The new MINI hatch will use three-cylinder petrol and diesel engines with range-lowest CO2 emissions of 92g/km, but the manufacturer isn’t confirming electric or hybrid versions as yet.
Unveiled on the birthday of Alec Issigonis, at the factory in Cowley near Oxford where all MINIs except the Paceman and Countryman are built, the new car uses no parts from its predecessor and introduces a modular platform and engine range. Order books are already open, with deliveries due from March 2014, and residual values are indicated to be over 50% after three years and 60,000 miles.
At launch, the range will comprise Cooper, Cooper S and Cooper D versions, with further models rumoured to be announced in the near future. For the first time, all engines are developed and built in-house by the BMW Group at its Hams Hall plant in the Midlands, and aren’t shared with other manufacturers. Previous MINIs have used engines from Chrysler and shared with PSA Peugeot-Citroen.
Petrols comprise a 1.5-litre three-cylinder with 136bhp and 2.0-litre four-cylinder with 192bhp, emitting 105g/km and 133g/km respectively. The fleet-favourite Cooper D will use a 1.5-litre, three-cylinder diesel with 116bhp and CO2 emissions of 92g/km. All engines use direct injection, turbocharging and variable valve timing to improve performance and efficiency compared to their predecessors.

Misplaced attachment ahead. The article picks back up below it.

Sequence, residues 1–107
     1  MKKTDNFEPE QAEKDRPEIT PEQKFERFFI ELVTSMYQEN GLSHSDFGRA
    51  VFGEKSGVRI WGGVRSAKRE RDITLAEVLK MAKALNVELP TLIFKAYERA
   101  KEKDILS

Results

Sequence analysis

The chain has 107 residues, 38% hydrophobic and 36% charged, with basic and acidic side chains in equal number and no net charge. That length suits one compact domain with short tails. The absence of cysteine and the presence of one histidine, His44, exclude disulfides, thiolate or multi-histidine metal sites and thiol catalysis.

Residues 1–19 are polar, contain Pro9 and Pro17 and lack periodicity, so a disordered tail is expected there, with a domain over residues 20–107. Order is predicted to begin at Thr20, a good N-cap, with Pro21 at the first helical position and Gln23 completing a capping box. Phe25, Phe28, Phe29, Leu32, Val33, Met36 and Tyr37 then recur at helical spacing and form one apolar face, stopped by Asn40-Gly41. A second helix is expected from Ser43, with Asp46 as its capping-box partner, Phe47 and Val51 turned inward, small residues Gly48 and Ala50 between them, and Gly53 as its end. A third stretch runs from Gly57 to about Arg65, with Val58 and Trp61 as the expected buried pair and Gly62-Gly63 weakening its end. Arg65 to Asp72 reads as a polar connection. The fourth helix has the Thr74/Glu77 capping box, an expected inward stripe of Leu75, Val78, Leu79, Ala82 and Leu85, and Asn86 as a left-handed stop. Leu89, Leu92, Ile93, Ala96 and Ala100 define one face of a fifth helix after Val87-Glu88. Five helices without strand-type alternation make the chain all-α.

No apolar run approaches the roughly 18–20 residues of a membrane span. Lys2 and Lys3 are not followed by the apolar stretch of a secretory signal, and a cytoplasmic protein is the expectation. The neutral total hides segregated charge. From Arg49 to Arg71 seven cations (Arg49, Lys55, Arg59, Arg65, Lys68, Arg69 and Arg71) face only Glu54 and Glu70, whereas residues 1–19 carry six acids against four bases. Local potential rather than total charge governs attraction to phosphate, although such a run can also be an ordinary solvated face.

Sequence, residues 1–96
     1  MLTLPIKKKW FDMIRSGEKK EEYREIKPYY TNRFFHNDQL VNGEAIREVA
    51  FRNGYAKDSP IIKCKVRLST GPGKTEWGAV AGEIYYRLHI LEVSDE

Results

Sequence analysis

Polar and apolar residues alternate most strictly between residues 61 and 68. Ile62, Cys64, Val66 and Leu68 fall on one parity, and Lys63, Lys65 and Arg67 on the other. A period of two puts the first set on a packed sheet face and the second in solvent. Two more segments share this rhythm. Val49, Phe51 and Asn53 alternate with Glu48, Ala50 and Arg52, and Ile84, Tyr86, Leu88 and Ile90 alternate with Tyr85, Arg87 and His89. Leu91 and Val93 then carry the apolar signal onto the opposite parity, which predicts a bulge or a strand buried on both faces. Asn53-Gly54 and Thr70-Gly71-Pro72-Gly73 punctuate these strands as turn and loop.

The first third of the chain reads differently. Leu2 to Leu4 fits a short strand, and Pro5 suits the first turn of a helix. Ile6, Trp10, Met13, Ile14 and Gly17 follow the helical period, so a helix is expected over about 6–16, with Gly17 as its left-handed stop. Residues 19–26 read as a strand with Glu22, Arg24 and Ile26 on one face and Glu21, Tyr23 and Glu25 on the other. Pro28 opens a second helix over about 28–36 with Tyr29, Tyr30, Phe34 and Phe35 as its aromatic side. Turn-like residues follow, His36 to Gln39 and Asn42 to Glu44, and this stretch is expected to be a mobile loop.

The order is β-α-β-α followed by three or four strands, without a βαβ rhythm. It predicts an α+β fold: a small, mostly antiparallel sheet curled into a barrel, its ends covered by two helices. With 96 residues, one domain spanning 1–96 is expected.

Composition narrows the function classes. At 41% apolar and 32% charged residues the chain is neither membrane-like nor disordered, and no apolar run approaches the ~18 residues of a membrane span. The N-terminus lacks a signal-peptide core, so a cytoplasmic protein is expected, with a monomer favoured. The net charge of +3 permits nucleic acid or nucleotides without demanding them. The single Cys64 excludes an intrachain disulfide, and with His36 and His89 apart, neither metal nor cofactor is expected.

New technology also includes variable damping, selectable driving modes and a camera-based accident avoidance and cruise control0 package. The speedometer and rev counter have been relocated to just above the steering wheel, while a central infotainment screen of up to 8.8-inches, ringed by colour changing LEDs showing driving modes, climate control settings, revs and the distance to junctions.
BMW Group has invested £750m in the Cowley plant to build the new MINI, its platform will eventually be rolled out across the familiar family of variants with the option to stretch its wheelbase as required. Depending on demand, production could be extended to BMW Group’s plants in Netherlands and Austria.